In Chile, climate change became a hot topic after seven years’worth of rain fell on the Atacama Desert in just one day in March of 2015. Soon after, the government submitted its Intended Nationally Determined Contribution (IDNC) to the United Nations, which is an outline of the country’s commitment to what actions they will take post-2020 under the new international agreement resulting from the UNFCC COP21 in Paris . Chile's IDNC includes ambitious emissions reductions, a pathway to transitioning to clean technologies, and a plan to implement various climate adaptation measures .
Meanwhile, Turkey is balancing emission reduction commitments with its national priority to match the industrialization level of its OECD counterparts .
New Zealand also presents a unique case among developed nations wherein agriculture (notably livestock) is the largest source of emissions; this therefore requires a different approach on how to drastically cut emissions .
On the other side of the globe, Iceland’s ample hydro and geothermal resources allow it to produce negligible emissions from the energy industry, despite per capita GHG emissions similar to Germany’s .
South Korea intends to mollify emissions growth associated with its prolonged economic boom by cutting emissions by 30% relative to business-as-usual (BAU) by 2020 , an approach similar to Mexico’s INDC 2015 pledge .
Israel remains committed to the UNFCCC process, and while prioritizing increases in energy efficiency and renewable procurement, ; the country appears particularly concerned with the projected impacts to its desert climate .
Meanwhile, the fossil fuel-friendly federal governments of Australia and Canada have been labeled as hesitant to earnestly engage climate negotiations , and the Fukushima disaster in Japan has led to a shift in its energy supply (namely, the re-emergence in coal investment) and the imperilment of fulfilling previous, ambitious climate pledges .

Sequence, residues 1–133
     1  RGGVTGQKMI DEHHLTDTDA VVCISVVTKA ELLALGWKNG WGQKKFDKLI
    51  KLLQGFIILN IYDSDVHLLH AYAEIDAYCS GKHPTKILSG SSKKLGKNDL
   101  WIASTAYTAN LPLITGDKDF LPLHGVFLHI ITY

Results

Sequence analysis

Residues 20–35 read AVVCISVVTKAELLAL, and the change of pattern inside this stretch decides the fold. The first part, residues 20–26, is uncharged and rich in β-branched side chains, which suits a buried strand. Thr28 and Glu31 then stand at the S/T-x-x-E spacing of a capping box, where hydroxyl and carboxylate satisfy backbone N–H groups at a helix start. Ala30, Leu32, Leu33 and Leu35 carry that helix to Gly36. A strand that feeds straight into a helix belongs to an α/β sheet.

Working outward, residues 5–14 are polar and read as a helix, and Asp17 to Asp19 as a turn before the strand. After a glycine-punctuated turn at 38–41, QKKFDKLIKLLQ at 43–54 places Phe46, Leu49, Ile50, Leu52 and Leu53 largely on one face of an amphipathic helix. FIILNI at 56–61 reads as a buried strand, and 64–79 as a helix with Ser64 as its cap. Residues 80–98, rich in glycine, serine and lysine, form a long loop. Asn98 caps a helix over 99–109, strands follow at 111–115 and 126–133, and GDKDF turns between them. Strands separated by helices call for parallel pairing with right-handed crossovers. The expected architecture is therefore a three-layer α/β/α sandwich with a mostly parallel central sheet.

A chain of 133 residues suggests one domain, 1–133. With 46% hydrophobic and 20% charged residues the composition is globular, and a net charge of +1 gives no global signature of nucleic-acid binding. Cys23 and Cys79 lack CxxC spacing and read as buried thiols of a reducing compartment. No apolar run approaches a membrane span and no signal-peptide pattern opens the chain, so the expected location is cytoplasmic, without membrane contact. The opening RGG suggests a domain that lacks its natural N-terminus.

This brief overview showcases some of the complexity in developing strategies which The plurality of national interests encompassed in the Other Developed Countries contest also gives way to a plethora of challenges in facilitating solutions to climate change issues. In Canada, for instance, despite considerable support for climate action among citizens and progress at the subnational level, the oil and gas industry is viewed by the federal government as a crux to sustained economic growth [11, 12]. Canadian government is thus averse to introducing any policies that may adversely influence the sector’s capacity to grow . Likewise, the Government of Australia in recent years has been championing a decidedly pro-coal narrative, and appears to view climate policies as a threat to economic growth . Meanwhile, the Governments of Mexico and Chile, which could be further classified as “emerging economies”, appear eager to slow the rate of emissions increases, but are concerned over financial capacities to do so [2, 7]. Each country has its own unique challenges to overcome to drastically reduce greenhouse gas emissions while preparing for the projected impacts of climate change.
Taken as an aggregate, nations within the Other Developed Countries category are responsible for the following greenhouse gas emissions, broken down by sector 
As of June 2015, the following countries have submitted an INDC in advance of UNFCCC COP21 in Paris :
Mexico: 25% below business as usual (BAU) by 2030, compared to 2013
Canada: 30% below 2005 levels by 2030
Iceland: Part of EU’s target of 40% below 1990 levels by 2030, precise commitment to be negotiated
Republic of Korea: 37% below BAU by 2030
As of June 2015, the following countries have yet to submit an INDC to the UNFCCC secretariat. This means that they have not yet made a commitment to reduce greenhouse gas emissions:
 For an explanation of the data and sectors, see: https://www.climatecolab.org/resources/-/wiki/Main/Assessing+the+impact+of+your+proposal+or+plan.